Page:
The importance of place in bible stories – Eden, Babylon and Armageddon


Biblical scholars can and do argue over who wrote what book of the bible, what the Greek or Hebrew really means in English language, whether the characters of the bible were real people or mythical archetypes and all the other vagaries of the written word.

The word of God existed long before the written word and has always been expressed to humans directly by God through creation without the need for intermediaries and translators.

The Garden of Eden, Babylon and Armageddon are real places on Gods earth – dust and rocks and water and can be photographed by a satellite today, although the geography has changed significantly since the time of Adam and Eve.

Each of these significant pieces or real estate have a history, things that happened on that place, the people born on and buried into that place, the wars, the peace, the ecological change that happened at that place.

These places are the loom onto which biblical metaphors are woven. The stories refer to human circumstance well beyond the place itself, but the story of the very place is the basis of the metaphor. The woven textile is reproduced in the shape of the loom, or as Marshall McLuhan says “the medium is the message”. God’s medium is the creation itself, of which the land is a central element to humans. The people of God weave their stories on Gods loom. Stories without a loom is just tangled string.

It is clear that the story of the Garden of Eden is a story for all of humanity; it describes the human condition in the first instance in good relation to God and then the fall to a bad relationship and the consequences of the fall. However, a consequence of the universalisation of the story and its appropriation by the non-Hebrew Christian church is that it has been stripped of a key element – that it occurred in a real particular place and that place is a central element of the story.

Genesis 2
10 A river watering the garden flowed from Eden; from there it was separated into four headwaters. 11 The name of the first is the Pishon; it winds through the entire land of Havilah, where there is gold. 12 (The gold of that land is good; aromatic resin [f] and onyx are also there.) 13 The name of the second river is the Gihon; it winds through the entire land of Cush. [g] 14 The name of the third river is the Tigris; it runs along the east side of Asshur. And the fourth river is the Euphrates.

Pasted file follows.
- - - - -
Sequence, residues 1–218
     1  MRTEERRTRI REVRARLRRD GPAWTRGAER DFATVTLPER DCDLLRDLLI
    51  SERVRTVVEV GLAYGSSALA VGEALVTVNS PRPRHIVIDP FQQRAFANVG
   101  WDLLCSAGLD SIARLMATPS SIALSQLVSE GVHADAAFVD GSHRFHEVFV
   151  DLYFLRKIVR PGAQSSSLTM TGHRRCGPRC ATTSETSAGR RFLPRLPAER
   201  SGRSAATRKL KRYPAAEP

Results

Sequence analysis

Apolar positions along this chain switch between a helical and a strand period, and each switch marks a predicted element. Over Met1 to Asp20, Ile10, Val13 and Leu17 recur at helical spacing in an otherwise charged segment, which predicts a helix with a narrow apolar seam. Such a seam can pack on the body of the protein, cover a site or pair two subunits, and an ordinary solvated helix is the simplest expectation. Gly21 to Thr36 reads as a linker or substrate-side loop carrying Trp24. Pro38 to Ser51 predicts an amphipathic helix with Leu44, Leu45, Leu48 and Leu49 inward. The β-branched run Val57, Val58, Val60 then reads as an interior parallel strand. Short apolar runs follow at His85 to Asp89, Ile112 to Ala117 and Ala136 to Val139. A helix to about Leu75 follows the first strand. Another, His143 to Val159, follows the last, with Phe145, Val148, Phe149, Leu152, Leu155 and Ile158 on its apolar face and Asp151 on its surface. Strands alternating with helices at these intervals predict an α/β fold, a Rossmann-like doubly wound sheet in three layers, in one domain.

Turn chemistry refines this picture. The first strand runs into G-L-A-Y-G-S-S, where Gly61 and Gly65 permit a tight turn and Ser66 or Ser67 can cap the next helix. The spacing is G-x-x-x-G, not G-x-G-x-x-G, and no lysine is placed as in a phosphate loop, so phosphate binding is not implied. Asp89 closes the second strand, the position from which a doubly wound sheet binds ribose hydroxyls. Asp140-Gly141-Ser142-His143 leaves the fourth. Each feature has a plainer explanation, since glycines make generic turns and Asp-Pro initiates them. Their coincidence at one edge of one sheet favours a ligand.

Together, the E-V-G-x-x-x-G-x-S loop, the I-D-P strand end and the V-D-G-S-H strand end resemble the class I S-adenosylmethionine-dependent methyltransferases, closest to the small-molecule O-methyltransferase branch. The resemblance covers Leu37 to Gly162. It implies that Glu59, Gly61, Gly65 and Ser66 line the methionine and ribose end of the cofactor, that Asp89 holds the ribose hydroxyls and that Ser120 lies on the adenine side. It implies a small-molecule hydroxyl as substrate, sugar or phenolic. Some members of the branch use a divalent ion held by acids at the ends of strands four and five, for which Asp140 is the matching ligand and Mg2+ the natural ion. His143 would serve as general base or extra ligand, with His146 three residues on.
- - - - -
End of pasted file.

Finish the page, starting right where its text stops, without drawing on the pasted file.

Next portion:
It is no co-incidence that this particular place is also the north-eastern boundary of the specific land that God gave to Abraham and his descendants. The covenant of circumcision represented a relationship between God, the people and not just any old land anywhere or everywhere, but a specific place with identifiable boundaries.

Genesis 15
18 On that day the LORD made a covenant with Abram and said, “To your descendants I give this land, from the river [d] of Egypt to the great river, the Euphrates-

The national boundaries were not changed right up to the The Kingdom of David, despite captivity in Egypt and the exile.
2 Samuel 8
3 Moreover, David fought Hadadezer son of Rehob, king of Zobah, when he went to restore his control along the Euphrates River.

The land that Moses lead the people into was not a new land, it was the same promised to Abraham, with the Garden of Eden on its boundary. Joshua’s wars with the Caananites were civil wars amongst the people of Abraham, not imperial wars.

While stories of the Euphrates and the Tigris appear to us gentiles as mysterious and exotic backdrops for the creation story, the Hebrews would have immediately understood where and what this place was from their own knowledge of their own country. The meaning to a traditional owner of the land up to the Euphrates will be significantly greater than to a Greek or English speaker in Europe.